"Sudafed offered state-of-the-art tamper-evident technology," said Michels. "And still the product was tampered with.

"The drug manufacturing industry, FDA, and the consumer need to work together as a team to prevent future tragedies like this. Consumer vigilance is perhaps the most important part of the whole equation."

Safety Issue Emerges

For years, most OTC drug products came in containers that were easy to open. Then, during the 1960s and 1970s, safety features began appearing on certain medicines to prevent children from accidentally poisoning themselves.

For the most part, however, safety was regarded as a side issue by many packagers. The emphasis remained on coming up with creative packaging that would attract the attention of consumers, not protect them from cold-blooded killers. Tampering wasn't unheard of, but it wasn't exactly a household word either.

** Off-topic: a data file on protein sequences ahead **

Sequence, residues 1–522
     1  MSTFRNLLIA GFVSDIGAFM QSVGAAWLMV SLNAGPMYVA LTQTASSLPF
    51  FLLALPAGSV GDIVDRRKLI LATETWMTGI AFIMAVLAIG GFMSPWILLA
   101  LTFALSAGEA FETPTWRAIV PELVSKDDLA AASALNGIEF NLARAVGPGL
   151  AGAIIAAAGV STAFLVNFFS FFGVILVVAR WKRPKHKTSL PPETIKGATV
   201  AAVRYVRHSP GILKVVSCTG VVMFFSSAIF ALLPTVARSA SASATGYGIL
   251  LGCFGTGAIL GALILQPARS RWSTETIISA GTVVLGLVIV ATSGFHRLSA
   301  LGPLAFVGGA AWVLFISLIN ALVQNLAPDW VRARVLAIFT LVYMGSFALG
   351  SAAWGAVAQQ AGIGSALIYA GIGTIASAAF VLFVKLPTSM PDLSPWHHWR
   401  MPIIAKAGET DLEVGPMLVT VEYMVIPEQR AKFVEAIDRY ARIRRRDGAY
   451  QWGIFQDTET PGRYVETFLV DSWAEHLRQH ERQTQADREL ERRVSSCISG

All that changed abruptly in 1982 when seven Chicago-area residents died after swallowing cyanide-laced Tylenol capsules. Shortly after that tragedy, FDA issued regulations requiring certain OTC drugs and some other medical and cosmetic products to be marketed in tamper-resistant packaging.

Packaging Helps

FDA regulations require tamper-resistant packaging for certain OTC human drug products, cosmetic liquid oral hygiene products, vaginal products, and contact lens solutions and tablets.

Excluded from the regulations are products applied topically to the skin, dentifrices (such as toothpaste), insulin (which is usually kept behind the pharmacy counter), and lozenges (cough drops, for example). These items are not regulated because they are less vulnerable to tampering or, even if tampered with, would likely cause you considerably less injury than something that you swallow whole, inhale, insert, or use in your eyes.

A tamper-resistant package, according to FDA's regulations, "is one having one or more indicators or barriers to entry which, if breached or missing, can reasonably be expected to provide visible evidence to consumers that tampering has occurred."